Average cost of child care hit $10,600 in 2021
New data shows how deeply families have struggled to stay afloat while working and paying for child care, and how in many cases they've been forced to quit jobs to stay home with a kid — especially if they are Latino, Black or live in poverty.
By the numbers: About 17% of Black children and 16% of Latino kids ages 5 and under lived with a family member who had to quit, change or refuse a job because of child care issues in 2021, according to a report by the Annie E. Casey Foundation, released Wednesday.
- The same was true for 10% of white non-Hispanic children.
- The average annual national cost of child care for one kid in 2021 was $10,600, or one-tenth of a married couple's median income and more than one-third of a single parent's income, according to the report.
- Child care costs have increased by 220% since 1990, outpacing inflation, per the report.
- Infant care is even more burdensome — it costs more than in-state tuition at a public university in 34 states and in Washington, D.C.
What they're saying: Felicia Cabrales, of Phoenix, recently left her full-time job at an insurance company to care for her 15-month-old son.
- Cabrales, 34, had relied on her mom to take care of the baby when she went back to work 10 months ago, but was forced to look for day cares after her mom was diagnosed with Alzheimer's disease. The day cares she considered would have cost half her income.
- "I just thought if I'm going to spend half my income on child care, then what's the point? At that point I'm just working to pay for child care," Cabrales says.
- Cabrales adds she and her husband are much less stressed now that they don't struggle to find care. "It's really lightened the burden for both of us," she tells Axios Latino.
The big picture: The inaccessibility of child care disproportionately affects women, single parents, families of color, immigrant families and those who live in poverty, experts say.
- "The childcare costs can be so burdensome that they struggle to pay their rent, to buy food, to buy diapers and clothing for their children," says Leslie Boissiere, vice president of external affairs at the Annie E. Casey Foundation.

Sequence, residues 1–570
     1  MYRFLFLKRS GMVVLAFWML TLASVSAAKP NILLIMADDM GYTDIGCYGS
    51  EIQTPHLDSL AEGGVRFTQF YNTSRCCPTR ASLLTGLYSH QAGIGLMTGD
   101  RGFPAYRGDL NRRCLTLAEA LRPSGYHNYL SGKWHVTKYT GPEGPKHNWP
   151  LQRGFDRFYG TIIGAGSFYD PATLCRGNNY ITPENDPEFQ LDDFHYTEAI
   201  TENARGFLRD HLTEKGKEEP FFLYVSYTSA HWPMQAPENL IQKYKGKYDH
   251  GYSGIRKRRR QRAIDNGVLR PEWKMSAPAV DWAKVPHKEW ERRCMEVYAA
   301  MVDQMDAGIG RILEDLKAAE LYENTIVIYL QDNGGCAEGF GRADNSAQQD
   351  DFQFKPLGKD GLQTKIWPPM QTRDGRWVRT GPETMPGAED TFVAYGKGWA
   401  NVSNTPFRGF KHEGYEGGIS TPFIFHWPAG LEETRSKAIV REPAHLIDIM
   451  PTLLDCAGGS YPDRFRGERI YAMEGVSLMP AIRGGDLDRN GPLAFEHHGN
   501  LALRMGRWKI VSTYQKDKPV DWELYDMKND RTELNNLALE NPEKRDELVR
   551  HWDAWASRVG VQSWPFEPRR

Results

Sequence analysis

Julia Mendez, a professor of clinical psychology at the University of North Carolina at Greensboro and researcher at the National Research Center on Hispanic Children & Families, says Latinos are particularly impacted because they often work in low-wage and inflexible jobs with irregular hours, which is not conducive to traditional day care center models.
- Latinos also tend to live in areas with fewer child care centers.
- Families — especially those with children younger than 5, for which services are more expensive — often decide to leave their jobs because child care is too burdensome, Mendez tells Axios.
- "But we also do know that many Latino families are paying a lot out of pocket to purchase child care, which I think does show that commitment to staying in the workforce," Mendez adds.
What's happening: More people and policymakers have started to pay better attention to child care issues since the pandemic began, says Kim Kruckel, executive director for the Child Care Law Center. The pandemic created a child care crisis that forced many families out of the workforce.
- President Biden in April signed an executive action aiming to make child care more accessible.
- The federal government spent billions on expanding child care access in 2020 and 2021, and some states like California have also recently passed legislation to make child care more accessible.
Yes, but: Many of the federal funding programs meant to alleviate the crisis are expiring at the end of September.
- That could mean tens of thousands of child care programs could close and leave parents in the lurch.
Between the lines: Child care workers are among the lowest-paid workers in the U.S.
- The median annual pay for such workers, a vast majority of whom are women, was $28,520 last year, according to the report.
- 24% of child care workers identify as Hispanic/Latino, while 14% identify as Black and 4% as Asian.
- "The reason that they're paid so little is really rooted in our history of discrimination and oppression of people of color by the dominant white culture, frankly," says Kruckel. "If you think about it, we are a nation that's built on enslaving people to care for children for free."
What to watch: The Child Care for Working Families Act (CCWFA), introduced in Congress every year since 2017 without success, would tackle some of the issues around child care, Kruckel says.
- The bill has been referred to committees in the House and Senate after being reintroduced in late April, but it's unclear whether it'll be a priority this year.
Subscribe to Axios Latino to get vital news about Latinos and Latin America, delivered to your inbox on Tuesdays and Thursdays.